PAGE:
I get a very sick feeling as I look upon this data. It seems to be calling out for a reconsideration of a voucher plan.
The facts are straightforward, no “spin” is needed – Rhode Island ranks at the bottom of the list in providing state aid to education (about 43rd in the country, about 37% of overall education expenditures versus the national average of 50%). Andrew did a great job of showing the distribution in “per student” terms, which underscores the poverty impact on educational performance (turning the list upside down gives a pretty good ranking of educational performance by community). Gary Sasse will tell you that a state that generates the same amount of tax revenue from the property tax as it does from a combination of income AND sales tax ($1.8 Billion in each case) is out of balance.
Despite the expectations of some who post here, in the short term, the overall tax burden is not going to decline in this state without a dramatic impact on services, so ensuring that the tax burden is fairly distributed is crucial. In the long term, the only way to grow the tax base is to attract more business, and to solve the wage gap issue by increasing compensation of lower paid employees, which is an area that lags in Rhode Island. Universal health care would help a lot as well, but that is a topic for another day.
Bob Walsh lacks the courage to come out and say what “ensuring that the tax burden is fairly distributed” really means. As he said on talk radio, he wants to substantially raise taxes on the affluent and on businesses, while raising (not cutting) state spending in spite of a $300 million (and growing) budget deficit (with more to come in future years, according to RIPEC).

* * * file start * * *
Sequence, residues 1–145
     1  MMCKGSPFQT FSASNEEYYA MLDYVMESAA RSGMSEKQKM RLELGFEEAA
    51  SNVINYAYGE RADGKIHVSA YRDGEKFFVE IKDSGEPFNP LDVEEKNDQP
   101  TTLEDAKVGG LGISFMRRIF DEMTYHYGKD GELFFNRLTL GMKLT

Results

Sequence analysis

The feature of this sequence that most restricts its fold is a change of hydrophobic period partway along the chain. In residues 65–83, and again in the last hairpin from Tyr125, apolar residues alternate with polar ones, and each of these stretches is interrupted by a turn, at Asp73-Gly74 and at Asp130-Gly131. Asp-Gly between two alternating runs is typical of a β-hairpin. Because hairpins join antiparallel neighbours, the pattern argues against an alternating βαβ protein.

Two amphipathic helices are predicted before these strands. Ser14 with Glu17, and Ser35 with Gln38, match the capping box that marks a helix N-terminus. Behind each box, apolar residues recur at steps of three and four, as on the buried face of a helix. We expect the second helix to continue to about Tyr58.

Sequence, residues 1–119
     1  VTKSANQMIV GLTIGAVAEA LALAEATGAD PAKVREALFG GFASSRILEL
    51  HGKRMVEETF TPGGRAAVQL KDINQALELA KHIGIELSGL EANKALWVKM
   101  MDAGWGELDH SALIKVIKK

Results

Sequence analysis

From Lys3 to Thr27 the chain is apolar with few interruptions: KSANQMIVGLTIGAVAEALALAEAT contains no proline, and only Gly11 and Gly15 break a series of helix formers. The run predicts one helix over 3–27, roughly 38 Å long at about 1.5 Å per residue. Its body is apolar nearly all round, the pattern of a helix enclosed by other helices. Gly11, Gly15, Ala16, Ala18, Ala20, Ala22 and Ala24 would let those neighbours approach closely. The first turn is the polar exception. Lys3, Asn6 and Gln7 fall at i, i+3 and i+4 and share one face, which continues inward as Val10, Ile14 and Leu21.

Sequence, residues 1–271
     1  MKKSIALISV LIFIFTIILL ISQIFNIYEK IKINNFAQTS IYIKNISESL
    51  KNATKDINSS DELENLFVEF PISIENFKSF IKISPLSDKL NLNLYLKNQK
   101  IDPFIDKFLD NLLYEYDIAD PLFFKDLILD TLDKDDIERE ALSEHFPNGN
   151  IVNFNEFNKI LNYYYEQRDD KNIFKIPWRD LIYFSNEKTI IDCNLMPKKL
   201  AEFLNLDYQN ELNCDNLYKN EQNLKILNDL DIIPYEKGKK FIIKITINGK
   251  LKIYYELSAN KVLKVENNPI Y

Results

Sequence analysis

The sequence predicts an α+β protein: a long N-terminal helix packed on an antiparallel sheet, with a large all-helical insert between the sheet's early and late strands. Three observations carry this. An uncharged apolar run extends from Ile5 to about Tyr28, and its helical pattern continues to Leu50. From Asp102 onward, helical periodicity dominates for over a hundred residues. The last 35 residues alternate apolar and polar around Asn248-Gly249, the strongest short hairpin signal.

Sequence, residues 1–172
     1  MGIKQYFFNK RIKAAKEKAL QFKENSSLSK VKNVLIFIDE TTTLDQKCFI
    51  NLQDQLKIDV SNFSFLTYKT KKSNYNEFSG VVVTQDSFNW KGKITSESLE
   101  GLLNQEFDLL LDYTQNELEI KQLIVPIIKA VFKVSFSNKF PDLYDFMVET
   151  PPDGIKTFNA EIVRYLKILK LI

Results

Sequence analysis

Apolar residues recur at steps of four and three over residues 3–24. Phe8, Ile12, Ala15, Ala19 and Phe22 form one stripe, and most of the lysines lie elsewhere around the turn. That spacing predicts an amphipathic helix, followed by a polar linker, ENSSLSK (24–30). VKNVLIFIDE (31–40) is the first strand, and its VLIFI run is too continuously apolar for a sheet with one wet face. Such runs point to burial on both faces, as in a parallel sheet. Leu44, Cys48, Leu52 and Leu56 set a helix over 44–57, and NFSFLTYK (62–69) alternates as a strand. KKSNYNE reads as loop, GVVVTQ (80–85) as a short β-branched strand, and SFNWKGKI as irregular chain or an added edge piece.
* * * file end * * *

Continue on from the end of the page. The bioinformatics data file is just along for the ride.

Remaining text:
And that will, by causing even more taxpayers and businesses to flee the state, only make things worse.
Basically, Bob can’t handle the truth: cuts in Rhode Island’s grossly ineffective and inefficient social welfare programs, as well as public sector pensions and post retirement health care programs, are inevitable.
The only question is whether they will be made volutarily by the General Assembly or by the Federal Bankruptcy Court.
Clearly, my willingness to use my own name on these posts should answer the “courage” question. And while they are two separate issues, I do not rule out cutting corporate tax loopholes (which would increase taxes on businesses taking advantage of them) or even raising taxes if necessary to balance the budget. However, what I was discussing was the distribution of the tax burden, and even if the budget was balanced, I believe (as does RIPEC) that we over rely on the property tax to fund education specifically and government generally. Most Rhode Islanders would be better off paying more in income taxes and less in property taxes. Since many will not trust my math, please do your own and report back if you take this topic as seriously as I do. Or, you can continue to take anonymous shots at the messenger, which requires a lot less work.
Bob Walsh is the face of disaster in the state of Rhode Island. He is the single reason that our elderly are suffering. He is the major deterrent for good growing companies to move to RI. Great Posting Mr. Morce.